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3x 445nm LD PIV Plot

HIMNL9

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Those data are very close to the ones i'm collecting from the tests on one of my A140 diodes, (also if for now, my tests are mostly based on survival of the diode at constant current cycles for long times) .....

Anyway, there must be some differences of some sort, in the arrays ..... otherwise, it don't justify the fact that they have 2 different part numbers, on them ..... (maybe just cherry-picked, i agree with this too)

BTW, welcome back IgorT, glad to see that you feel better :beer:
 



lasersbee

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I'll be running another test a new A140 from Dave and two
A130 LDs from my projector next week (as soon as I can find
some time) and I'll post the Data here so you can add it to
your Graphs when it is done...

It does looks like my A140 is similar to your A130 LDs...
Well know more once my LDs are tested...

To get similar results I will start at Low Power and go up
by 100mW increments as before...
I know that the LDs will heat up as I get to the higher
powers but they will be in the same type Labby heatsink
as before..



Jerry
 
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daguin

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As for the duty-cycle question, i'll put it like that. As long as the head of the laser is not too hot to touch i am not worried. In the projector these diodes operated at 70°C if i'm not mistaken.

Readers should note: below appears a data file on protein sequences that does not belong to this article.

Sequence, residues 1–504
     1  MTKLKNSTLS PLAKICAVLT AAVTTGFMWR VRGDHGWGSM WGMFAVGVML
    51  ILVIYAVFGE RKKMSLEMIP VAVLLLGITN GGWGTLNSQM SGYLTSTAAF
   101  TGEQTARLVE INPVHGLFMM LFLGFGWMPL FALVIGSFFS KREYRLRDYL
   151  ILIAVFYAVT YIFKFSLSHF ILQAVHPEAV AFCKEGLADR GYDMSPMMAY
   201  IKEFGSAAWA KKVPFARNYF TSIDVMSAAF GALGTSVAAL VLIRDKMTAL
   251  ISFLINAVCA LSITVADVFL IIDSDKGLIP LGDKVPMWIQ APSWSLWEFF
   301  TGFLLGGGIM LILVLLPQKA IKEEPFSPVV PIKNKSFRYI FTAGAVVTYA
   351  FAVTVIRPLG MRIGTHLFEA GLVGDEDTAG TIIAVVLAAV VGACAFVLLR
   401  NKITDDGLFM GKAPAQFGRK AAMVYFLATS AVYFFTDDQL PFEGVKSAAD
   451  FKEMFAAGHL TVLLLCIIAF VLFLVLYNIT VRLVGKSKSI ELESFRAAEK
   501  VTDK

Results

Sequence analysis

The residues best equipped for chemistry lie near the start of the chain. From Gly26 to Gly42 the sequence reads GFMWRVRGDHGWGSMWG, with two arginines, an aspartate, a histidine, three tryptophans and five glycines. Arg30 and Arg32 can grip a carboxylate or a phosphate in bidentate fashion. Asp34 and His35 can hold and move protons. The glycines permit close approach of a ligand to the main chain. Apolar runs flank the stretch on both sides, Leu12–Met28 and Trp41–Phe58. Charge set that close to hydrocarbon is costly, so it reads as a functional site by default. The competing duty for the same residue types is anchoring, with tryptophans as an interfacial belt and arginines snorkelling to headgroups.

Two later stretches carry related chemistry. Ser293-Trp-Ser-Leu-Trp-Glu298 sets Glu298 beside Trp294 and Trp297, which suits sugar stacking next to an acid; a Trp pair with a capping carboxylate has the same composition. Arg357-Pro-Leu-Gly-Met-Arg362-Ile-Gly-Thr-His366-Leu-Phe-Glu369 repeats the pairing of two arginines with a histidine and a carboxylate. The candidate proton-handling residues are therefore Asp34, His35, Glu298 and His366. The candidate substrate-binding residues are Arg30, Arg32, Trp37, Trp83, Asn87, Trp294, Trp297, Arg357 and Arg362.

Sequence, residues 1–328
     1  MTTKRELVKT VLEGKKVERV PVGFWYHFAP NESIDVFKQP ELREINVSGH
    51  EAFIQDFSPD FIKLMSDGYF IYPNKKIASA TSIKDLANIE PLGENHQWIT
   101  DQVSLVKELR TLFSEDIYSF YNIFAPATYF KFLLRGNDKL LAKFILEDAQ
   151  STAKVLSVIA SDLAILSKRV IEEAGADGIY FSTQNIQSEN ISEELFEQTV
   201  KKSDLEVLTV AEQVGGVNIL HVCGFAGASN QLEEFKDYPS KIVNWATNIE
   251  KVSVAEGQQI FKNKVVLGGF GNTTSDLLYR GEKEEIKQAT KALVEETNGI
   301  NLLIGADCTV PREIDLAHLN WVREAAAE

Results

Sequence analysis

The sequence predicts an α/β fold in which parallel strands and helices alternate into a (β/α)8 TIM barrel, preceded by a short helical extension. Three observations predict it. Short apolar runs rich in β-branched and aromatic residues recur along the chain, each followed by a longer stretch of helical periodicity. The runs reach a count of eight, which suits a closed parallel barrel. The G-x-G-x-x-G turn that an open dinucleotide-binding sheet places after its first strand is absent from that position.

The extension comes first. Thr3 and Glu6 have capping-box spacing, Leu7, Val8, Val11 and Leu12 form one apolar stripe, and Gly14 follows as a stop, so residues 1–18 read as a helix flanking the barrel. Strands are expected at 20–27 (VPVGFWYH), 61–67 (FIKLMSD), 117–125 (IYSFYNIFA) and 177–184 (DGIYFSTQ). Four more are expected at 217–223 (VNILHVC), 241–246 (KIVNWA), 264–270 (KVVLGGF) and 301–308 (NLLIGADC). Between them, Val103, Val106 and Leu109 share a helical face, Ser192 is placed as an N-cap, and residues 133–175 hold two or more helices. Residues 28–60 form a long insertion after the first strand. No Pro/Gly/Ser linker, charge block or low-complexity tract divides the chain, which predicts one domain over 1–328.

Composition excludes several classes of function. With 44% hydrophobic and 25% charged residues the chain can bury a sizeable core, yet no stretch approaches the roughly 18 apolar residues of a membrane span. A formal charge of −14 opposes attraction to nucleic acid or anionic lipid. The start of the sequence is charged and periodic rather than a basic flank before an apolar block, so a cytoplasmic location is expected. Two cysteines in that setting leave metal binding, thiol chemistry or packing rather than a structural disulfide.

The thermal protection circuit in the projector is a 100C switch

Peace,
dave
 

HIMNL9

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The thermal protection circuit in the projector is a 100C switch

Peace,
dave
Right, but consider that this one is the emergency shutoff ..... inside the matrix there are other 2 NTC sensors (are these small SMD components placed on the first and last ribbon that connect the diodes, faced in the direction of the heatsink, and coupled thermally to the aluminium part with the 2 small pink silpads), that are used for measure the temperature in 2 different points of the heatsink ..... these keep an eye of the global temperature, and only if they fail, the safety thermal switch cut all off.

Unfortunately, there's no way for know what is the temperature at which the circuit is set ....
 

IgorT

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I'll be running another test a new A140 from Dave and two
A130 LDs from my projector next week (as soon as I can find
some time) and I'll post the Data here so you can add it to
your Graphs when it is done...
Thanks!

I like having multiplots available, as they are useful for determining the ranges of diode efficiency, and anyone can use them to figure out which efficiency category their diode falls in simply by tracing upwards from their current setting (or estimate what to expect beforehand)...


EDIT: P.S. Usually it kinda makes more sense to go in equal mA steps than in equal mW steps, cos current is what the Po is a function of in these plots..

Luckily i started making so called "Scatter Plots" a while back to allow accurate plotting from data which is all over the place, so it was relatively easy to insert your numbers into the multiplot.